HANOI, Vietnam—The United States said it’s concerned by reports of China’s interference with oil and gas activities in the disputed waters of the South China Sea, where Vietnam accuses Beijing of violating its sovereignty.
State Department spokeswoman Morgan Ortagus said in a statement that China’s “repeated provocative actions aimed at the offshore oil and gas development of other claimant states threaten regional energy security and undermine the free and open Indo-Pacific energy market.”
Vietnam on July 19 demanded China remove a survey ship from Vanguard Bank, which it says lies within Vietnam’s 200-mile exclusive economic zone. China claims the South China Sea almost in its entirety and has rattled smaller neighbors by constructing seven man-made islands in the disputed waters and equipped them with military runways and outposts. However, on July 12, 2016, an arbitration court in The Hague found the Chinese regime’s claims to be false and having no historical basis.
Chinese coast guard vessels also have been reported near a drilling rig in the same Vanguard Bank area where Vietnam has contracted Russia’s Rosneft to develop gas fields.
“Vietnam has made contact with China on multiple occasions via different channels, delivered diplomatic notes to oppose China’s violations, and staunchly demanded China to stop all unlawful activities and withdraw its ships from Vietnamese waters,” Vietnam’s Foreign Ministry spokeswoman Le Thi Thu Hang said in a statement on Friday.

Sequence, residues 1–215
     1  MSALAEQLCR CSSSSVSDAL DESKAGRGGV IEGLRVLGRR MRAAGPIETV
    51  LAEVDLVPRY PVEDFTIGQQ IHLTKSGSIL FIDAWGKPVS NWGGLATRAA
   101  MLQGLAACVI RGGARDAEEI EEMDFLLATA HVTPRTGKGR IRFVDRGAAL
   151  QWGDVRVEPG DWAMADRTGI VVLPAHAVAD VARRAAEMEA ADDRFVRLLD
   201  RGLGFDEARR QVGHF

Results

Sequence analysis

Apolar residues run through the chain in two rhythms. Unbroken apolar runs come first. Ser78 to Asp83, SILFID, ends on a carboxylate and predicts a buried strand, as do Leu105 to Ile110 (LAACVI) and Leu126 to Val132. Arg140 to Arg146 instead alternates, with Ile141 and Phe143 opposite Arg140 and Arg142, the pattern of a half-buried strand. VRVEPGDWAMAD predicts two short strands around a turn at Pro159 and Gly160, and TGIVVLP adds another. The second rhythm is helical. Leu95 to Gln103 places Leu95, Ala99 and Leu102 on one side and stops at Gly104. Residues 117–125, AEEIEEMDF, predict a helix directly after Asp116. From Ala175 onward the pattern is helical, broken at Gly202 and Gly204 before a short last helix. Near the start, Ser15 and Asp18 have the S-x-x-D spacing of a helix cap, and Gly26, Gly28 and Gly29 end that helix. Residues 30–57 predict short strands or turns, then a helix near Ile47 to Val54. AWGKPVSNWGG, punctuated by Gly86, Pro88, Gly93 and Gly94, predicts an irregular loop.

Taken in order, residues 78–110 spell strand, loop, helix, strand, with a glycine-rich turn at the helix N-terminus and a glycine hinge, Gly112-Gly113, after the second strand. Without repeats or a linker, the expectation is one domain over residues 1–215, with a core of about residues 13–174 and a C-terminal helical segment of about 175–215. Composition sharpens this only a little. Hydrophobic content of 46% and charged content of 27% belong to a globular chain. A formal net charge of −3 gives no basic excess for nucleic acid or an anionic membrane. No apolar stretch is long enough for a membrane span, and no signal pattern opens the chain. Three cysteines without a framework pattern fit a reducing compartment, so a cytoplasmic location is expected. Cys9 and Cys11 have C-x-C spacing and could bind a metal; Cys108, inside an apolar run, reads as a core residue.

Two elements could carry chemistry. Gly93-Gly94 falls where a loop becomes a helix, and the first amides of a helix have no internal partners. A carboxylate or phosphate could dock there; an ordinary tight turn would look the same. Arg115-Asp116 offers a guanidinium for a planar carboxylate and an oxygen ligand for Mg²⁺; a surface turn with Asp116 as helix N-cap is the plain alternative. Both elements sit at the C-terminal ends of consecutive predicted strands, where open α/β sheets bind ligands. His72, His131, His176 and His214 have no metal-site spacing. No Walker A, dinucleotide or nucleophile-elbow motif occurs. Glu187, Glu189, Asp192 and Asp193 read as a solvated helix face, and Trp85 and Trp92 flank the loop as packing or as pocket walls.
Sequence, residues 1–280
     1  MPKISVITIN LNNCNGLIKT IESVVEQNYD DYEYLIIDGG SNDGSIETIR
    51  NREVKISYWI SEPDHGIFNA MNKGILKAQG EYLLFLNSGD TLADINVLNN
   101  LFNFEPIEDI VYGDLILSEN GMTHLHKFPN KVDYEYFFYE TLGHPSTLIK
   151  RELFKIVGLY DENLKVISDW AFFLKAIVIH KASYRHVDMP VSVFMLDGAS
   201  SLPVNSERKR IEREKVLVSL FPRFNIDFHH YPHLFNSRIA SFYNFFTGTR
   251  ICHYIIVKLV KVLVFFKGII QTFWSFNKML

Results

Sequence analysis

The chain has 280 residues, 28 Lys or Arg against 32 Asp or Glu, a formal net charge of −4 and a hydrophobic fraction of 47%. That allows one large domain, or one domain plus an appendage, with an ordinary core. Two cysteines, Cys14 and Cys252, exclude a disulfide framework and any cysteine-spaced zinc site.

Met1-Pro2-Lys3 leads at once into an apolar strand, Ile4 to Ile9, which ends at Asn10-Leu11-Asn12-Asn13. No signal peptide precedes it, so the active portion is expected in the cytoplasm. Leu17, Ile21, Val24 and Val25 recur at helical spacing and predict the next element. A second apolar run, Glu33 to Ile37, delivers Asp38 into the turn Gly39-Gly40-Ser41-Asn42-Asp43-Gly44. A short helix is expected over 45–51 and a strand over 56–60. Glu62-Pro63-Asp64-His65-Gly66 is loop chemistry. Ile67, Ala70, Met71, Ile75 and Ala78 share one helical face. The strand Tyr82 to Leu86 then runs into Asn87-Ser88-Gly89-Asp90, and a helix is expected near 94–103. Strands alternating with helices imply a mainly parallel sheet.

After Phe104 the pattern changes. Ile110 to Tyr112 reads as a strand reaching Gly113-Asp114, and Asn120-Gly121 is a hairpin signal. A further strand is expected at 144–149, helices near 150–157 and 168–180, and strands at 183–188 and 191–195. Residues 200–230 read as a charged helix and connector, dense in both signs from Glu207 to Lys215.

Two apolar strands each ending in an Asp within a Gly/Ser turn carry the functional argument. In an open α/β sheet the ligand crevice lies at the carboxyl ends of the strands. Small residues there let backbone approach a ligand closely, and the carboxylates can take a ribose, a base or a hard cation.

Chinese Foreign Ministry spokesman Geng Shuang earlier in the week told Hanoi “not to take any move that may complicate matters.”
In May 2014, Chinese and Vietnamese vessels engaged in a dangerous confrontation when China’s national oil company moved its oil platform into waters Vietnam considers its territory.
Ortagus calls on China to “cease its bullying behavior and refrain from engaging in this type of provocative and destabilizing activities.”
Brunei, Indonesia, Malaysia, the Philippines, Taiwan and Vietnam have competing claims to the waterway, through which passes about a third of global seaborne trade.